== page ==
November 11th, 2010 | Uncategorized

Miller announces members of sexual misconduct policy task force

In an e-mail to the student body Thursday, Yale College Dean Mary Miller announced the lineup of a task force that will evaluate the recommendations her Office received last month regarding sexual misconduct in the wake of the DKE hazing incident.

The task force will be chaired by two American Studies professors: Alicia Schmidt-Camacho, associate master of Ezra Stiles College and Sally Promey DIV ’78, deputy director of the Institute of Sacred Music. Other members include English professor Langdon Hammer ’80 GRD ’89, chemical engineering professor Mark Saltzman, Director of the Office of LGBTQ Resources Maria Trumpler GRD ’92 and Melanie Boyd ’90, special assistant and advisor to the dean of Yale College on gender issues.

In a previous letter sent to the Yale community Oct. 24, Miller said she would ask this group “to explore training practices, along with the feasibility of reaching those students whose behavior and words may abet sexual violence, among peer educators and Yale Health Services educators.”

Miller also wrote in her Thursday e-mail that she is finalizing the new Committee on Hazing, to be led by Silliman College Master Judith Krauss. The committee will review the initiation practices of Yale-affiliated student organizations.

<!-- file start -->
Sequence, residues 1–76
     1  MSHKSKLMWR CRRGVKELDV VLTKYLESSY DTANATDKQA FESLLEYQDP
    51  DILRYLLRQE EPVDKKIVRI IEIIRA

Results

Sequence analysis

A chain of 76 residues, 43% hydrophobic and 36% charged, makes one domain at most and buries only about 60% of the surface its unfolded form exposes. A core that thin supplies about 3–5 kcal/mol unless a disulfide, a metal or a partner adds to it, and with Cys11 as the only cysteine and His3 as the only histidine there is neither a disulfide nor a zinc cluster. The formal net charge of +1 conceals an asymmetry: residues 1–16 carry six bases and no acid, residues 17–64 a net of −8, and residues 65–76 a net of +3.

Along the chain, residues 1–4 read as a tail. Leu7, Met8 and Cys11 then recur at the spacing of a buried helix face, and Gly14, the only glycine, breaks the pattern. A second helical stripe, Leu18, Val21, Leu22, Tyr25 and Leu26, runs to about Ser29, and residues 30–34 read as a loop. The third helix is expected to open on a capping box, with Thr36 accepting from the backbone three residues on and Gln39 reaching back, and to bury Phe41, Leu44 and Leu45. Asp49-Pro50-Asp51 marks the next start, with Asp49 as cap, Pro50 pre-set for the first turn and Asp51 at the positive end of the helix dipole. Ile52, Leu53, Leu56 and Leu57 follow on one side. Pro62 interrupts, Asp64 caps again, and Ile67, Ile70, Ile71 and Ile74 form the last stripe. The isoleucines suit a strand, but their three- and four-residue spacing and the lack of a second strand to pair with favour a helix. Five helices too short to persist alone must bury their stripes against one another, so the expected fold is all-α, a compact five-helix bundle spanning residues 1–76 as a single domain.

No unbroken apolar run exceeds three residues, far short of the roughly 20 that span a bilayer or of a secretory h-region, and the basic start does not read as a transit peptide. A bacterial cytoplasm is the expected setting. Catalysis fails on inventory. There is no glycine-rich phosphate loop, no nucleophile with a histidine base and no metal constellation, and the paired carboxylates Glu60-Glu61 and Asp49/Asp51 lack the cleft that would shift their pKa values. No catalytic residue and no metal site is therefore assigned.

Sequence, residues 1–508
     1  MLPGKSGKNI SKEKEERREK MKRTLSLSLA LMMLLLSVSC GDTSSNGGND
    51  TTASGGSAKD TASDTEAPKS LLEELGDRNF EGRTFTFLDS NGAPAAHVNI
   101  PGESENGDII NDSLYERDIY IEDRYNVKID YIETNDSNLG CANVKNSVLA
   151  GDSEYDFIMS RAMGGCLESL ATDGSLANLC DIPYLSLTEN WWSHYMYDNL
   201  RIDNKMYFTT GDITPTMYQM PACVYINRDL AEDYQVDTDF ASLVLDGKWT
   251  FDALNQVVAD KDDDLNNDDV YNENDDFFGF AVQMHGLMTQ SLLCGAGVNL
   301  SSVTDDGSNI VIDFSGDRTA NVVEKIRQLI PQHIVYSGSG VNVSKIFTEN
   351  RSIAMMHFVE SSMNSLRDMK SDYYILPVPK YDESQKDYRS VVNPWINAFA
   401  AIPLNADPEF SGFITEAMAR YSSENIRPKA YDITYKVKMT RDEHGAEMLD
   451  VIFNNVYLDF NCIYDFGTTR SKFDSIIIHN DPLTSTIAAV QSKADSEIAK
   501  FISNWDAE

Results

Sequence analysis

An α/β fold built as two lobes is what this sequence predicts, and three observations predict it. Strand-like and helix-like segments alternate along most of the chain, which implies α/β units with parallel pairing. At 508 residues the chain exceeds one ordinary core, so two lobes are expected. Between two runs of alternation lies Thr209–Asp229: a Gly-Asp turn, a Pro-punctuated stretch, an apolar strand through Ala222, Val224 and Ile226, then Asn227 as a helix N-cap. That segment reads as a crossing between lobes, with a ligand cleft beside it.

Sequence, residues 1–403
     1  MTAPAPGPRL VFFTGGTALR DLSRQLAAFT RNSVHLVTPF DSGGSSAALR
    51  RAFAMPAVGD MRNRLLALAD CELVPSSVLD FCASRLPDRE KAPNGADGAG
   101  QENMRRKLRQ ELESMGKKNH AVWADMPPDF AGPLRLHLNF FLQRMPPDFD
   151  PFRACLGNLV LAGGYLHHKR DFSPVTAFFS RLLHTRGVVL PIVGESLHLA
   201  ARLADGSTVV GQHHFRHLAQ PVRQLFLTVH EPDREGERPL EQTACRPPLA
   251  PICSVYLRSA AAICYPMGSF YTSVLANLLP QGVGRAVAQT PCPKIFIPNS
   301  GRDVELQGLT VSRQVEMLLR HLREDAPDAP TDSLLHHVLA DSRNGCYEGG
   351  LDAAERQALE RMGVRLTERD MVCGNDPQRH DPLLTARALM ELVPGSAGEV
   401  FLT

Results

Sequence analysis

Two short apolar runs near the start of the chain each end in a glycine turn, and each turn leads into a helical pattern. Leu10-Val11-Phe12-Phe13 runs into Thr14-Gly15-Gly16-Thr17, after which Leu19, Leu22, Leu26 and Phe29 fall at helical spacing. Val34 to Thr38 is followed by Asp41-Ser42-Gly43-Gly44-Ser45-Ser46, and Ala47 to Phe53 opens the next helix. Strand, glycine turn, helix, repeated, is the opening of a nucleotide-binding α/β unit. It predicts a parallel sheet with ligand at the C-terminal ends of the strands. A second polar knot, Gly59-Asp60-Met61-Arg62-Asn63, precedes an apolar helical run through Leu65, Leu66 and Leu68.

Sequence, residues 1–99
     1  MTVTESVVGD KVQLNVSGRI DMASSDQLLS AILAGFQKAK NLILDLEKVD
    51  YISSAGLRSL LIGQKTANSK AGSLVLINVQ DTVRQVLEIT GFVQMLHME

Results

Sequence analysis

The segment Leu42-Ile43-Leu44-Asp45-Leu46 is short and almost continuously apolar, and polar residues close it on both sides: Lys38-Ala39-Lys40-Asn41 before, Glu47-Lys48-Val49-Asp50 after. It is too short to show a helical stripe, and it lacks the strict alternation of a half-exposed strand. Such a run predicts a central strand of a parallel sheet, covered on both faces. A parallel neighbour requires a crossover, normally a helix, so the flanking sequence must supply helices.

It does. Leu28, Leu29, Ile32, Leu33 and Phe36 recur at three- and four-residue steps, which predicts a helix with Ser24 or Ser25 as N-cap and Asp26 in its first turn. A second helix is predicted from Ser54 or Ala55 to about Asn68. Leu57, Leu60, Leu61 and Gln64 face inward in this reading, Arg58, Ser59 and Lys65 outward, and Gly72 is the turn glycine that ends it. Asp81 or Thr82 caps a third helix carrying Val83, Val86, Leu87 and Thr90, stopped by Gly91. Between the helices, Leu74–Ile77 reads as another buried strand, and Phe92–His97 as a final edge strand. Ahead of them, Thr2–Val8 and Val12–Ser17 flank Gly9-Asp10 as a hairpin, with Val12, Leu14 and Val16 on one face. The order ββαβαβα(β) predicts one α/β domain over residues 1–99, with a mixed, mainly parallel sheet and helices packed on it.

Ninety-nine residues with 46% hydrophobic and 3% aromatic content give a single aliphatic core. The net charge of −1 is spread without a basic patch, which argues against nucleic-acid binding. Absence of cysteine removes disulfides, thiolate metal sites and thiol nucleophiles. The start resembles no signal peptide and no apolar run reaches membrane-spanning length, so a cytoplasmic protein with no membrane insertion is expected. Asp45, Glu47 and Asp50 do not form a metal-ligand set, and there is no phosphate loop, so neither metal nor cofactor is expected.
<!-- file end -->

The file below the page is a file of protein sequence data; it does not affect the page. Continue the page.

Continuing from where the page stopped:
• *sigh*

    Ha! You boys is doomed. DOOOOOOOMED!

    Ya got 2x AmStud flibbergibs, one form DIV haha
    an Englis prof, the LGBT director(!) and the infamous Melanie Boyd (dunno what the engineer is doin in there; token?)

    And this group is gonna find ways of “reaching those students whose behavior and words may abet sexual violence” as defined by by by hwo? them i guess. I wunner what WAYS they’ll come up with.

    DOOOOOOOOOOOOOOOOOOOOOOOMED!

  • JacksonJackson

    Clearly the committee is not expected to figure out what is going on and find ways to improve the situation. If that was the point, it would not have included so many faculty whose disciplines are nonsense, and it would have included some faculty from big departments with disproportionately male students.

    Miller talks a lot about sexism etc, but she clearly is not much concerned about dealing with the real problems that face female Yale undergrads. She seems only concerned to cater to the hard-crazy feminist fringe that likes to come up with new made-up words.